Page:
Program Notes:

Piano Sonata No. 9 "Satanic Mass", by Paul Reale

The title of this work seems to have had a disturbing effect on many listeners and requires some explanation: the piece is not intended to be a celebration of devil worship. Rather, I see the satanic mass as a metaphor for the easy hypocrisy and expediency of survival in the modern world. I first got the idea for the piece over a decade ago, when one of my composer associates confessed that he was ready sell out but could not find anyone who was buying. In many ways this attitude transcends the Faust of old, because morality and principles are as disposable as the contemporary paper diaper.

"Euphas Metahim, frugativi et apellavi," the subtitle of the First Movement, entitled "Belphegor" after the notorious demon, comprises the words used to summon the spirits of evil (the summoner is suppoed to tear a live bird in half and then turn to the east). The words could also accompany human sacrifice (and should obviously not be pronounced aloud by the pianist). In the Grimorium Verum the three supreme demons are Lucifer, Beelzebuth, and Astaroth. In all, there are supposed to be ten evil sephiroth, counterparts of the ten divines. Belphegor is the sixth, a kind of demonic middle management and an appropriate symbol of that temptation to relax principles and sell out. The movement is frought with conflict and appears to be in a state of nervous exhilaration, leading to a tarantella-like coda which reverberates rhythmically throughout the entire piece. Traditionally, the tarantella was danced by those possessed by demons as the result of a venomous spider bite. It had the capacity to either kill or cure the victim, and thus represents a fulcrum balancing life and death, good and evil. Only at the very end of the coda do we hear a faint rendering of the famous "Dresden Amen." This music becomes the symbol of Madame de Montespan's redemption in the Third Movement.

The Second Movement is entitled ""Abramelin: The Sacred Magic of the Mage" and begins with an oblique reference to Hand of Glory, a piano work which I wrote for a concert at the Shanghai Conservatory in 1983. I wanted to begin with the grotesque image of a severed hand, dipped in wax, and set afire as part of an obscene ritual. Abramelin was an ancient magician who believed that the universe was populated by angels and demons who control everything in the world. Man is caught between these two forces. By means of the "Magic of Light" (a powerful will and purity) man can control these demons. The music has a flickering quality, suggesting strange ethers and potions, the stuff of magic.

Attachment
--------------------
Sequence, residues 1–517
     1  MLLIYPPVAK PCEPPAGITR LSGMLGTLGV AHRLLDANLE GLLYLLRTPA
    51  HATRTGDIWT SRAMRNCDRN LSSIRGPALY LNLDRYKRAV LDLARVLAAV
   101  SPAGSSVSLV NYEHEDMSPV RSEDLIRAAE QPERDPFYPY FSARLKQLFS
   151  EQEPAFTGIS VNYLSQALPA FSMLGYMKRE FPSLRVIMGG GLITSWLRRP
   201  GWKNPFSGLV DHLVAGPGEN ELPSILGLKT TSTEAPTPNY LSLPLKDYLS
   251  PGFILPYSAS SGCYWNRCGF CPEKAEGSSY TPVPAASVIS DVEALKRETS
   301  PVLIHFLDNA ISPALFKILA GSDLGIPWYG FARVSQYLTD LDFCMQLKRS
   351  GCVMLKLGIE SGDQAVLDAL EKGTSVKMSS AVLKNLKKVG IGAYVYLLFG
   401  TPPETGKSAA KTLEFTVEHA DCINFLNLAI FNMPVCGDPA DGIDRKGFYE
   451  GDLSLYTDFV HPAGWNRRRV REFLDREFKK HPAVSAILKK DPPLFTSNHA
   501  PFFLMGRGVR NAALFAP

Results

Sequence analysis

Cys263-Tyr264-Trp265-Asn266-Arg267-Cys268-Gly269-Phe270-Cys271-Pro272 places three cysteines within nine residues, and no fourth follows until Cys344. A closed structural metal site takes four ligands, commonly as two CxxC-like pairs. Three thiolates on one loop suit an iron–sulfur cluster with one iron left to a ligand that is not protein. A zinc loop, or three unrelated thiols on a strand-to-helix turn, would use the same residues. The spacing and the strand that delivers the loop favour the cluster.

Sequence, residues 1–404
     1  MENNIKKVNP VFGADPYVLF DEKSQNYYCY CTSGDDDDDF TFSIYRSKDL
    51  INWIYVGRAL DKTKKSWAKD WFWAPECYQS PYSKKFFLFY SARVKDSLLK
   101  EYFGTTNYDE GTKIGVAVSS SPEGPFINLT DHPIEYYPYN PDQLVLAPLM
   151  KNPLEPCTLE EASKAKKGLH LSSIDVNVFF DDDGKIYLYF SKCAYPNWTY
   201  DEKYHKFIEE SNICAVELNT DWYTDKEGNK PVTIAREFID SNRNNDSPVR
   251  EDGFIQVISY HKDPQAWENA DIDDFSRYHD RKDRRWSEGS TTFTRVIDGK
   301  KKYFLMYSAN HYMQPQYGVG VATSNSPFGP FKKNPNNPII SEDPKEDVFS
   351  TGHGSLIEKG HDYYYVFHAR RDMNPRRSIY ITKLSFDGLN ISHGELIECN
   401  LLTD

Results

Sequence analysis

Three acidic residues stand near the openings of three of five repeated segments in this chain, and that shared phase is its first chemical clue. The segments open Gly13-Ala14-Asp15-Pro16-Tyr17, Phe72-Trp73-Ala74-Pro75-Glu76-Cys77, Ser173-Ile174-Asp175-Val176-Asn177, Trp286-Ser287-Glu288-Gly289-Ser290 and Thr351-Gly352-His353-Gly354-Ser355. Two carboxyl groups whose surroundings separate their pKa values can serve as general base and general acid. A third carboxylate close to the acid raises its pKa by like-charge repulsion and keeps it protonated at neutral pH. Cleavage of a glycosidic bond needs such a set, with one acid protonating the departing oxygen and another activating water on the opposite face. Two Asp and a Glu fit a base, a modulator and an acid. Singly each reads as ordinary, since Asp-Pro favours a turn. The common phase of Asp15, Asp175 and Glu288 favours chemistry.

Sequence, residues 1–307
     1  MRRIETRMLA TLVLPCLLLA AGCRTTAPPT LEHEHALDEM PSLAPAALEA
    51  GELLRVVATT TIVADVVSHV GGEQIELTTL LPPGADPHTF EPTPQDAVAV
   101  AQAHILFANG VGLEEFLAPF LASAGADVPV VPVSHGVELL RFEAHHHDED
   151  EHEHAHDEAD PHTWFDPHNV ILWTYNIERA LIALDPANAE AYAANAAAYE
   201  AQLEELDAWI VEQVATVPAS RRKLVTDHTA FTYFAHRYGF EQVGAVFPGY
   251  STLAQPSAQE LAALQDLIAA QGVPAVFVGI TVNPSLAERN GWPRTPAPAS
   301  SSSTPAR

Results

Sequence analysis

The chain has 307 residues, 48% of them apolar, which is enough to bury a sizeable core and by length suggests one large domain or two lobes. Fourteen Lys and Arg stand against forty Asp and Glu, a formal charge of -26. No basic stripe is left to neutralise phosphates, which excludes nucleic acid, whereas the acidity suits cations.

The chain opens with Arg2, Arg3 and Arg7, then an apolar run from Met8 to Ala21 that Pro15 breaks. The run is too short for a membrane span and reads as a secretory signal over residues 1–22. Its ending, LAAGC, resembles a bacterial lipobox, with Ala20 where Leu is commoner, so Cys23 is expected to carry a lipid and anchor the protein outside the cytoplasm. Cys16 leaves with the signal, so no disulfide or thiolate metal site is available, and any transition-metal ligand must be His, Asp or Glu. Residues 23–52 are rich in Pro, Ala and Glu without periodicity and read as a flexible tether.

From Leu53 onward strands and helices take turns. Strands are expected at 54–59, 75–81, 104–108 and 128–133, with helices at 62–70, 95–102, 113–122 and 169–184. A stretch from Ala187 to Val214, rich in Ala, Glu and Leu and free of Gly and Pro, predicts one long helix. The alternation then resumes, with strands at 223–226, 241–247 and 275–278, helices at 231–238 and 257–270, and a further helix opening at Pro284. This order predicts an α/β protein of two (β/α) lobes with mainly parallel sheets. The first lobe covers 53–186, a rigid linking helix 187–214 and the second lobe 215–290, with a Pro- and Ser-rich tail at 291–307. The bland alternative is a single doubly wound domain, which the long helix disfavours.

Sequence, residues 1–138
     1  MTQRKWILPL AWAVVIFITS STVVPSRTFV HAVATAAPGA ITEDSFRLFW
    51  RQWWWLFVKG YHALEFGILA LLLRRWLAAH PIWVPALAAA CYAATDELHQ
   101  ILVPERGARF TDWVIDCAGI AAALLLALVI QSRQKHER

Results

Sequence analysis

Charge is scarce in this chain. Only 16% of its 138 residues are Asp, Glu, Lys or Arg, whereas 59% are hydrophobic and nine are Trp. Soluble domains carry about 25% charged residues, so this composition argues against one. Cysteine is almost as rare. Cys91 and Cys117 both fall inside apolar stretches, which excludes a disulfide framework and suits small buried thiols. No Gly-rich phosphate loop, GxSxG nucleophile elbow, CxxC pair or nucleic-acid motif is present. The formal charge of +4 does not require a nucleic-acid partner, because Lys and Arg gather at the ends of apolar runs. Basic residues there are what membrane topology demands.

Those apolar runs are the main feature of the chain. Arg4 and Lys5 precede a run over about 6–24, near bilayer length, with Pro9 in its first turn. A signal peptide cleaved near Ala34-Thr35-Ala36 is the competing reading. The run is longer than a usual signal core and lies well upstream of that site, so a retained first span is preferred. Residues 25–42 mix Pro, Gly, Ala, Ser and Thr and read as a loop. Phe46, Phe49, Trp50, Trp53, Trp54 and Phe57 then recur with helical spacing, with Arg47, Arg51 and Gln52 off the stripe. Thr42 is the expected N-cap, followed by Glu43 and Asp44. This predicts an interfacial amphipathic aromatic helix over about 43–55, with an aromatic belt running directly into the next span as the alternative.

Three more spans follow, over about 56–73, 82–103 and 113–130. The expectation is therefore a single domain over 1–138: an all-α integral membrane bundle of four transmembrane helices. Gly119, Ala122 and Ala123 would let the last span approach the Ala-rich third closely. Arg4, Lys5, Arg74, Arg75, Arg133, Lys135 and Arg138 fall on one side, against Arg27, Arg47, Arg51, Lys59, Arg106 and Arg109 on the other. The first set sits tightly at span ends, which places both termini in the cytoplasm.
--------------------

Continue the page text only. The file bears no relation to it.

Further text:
The Third Movement refers to Madame (Marquise) de Montespan, who was born in 1641 and was a lady-in-waiting at the court of Louis XIV. She attempted to use good and finally evil magic to alienate the king from the attentions of his mistress and have herself installed in that position. Ultimately, she became religious and devoted herself to works of charity. In the depiction in my movement there are numerous Baroque stylistic references in the music, and I imagine Madame de Montespan dancing a frenetic waltz with the devil, ultimately tiring him (Satan not being of physical form), and escaping into heaven. The opening immediately suggests the conflict with a reprise of the piece's opening, mixed with a quote from Wagner's Parsifal, Act I, Scene 2, which uses the (now infamous) "Dresden Amen."

This piece is not really program music in that there is no continuous narrative, yet the arrangement of recurring images, often clothed in recognizable musical gestures, is a kind of cinematic mobile in which the balance of good and evil is constantly shifted. The piece was completed in the summer for a lecture-recital demonstration of the relationship between visual images and music, a pre-concert event to the premiere of Caldera with Ice Cave for Piano and String Orchestra, which occurred on Halloween, 2000.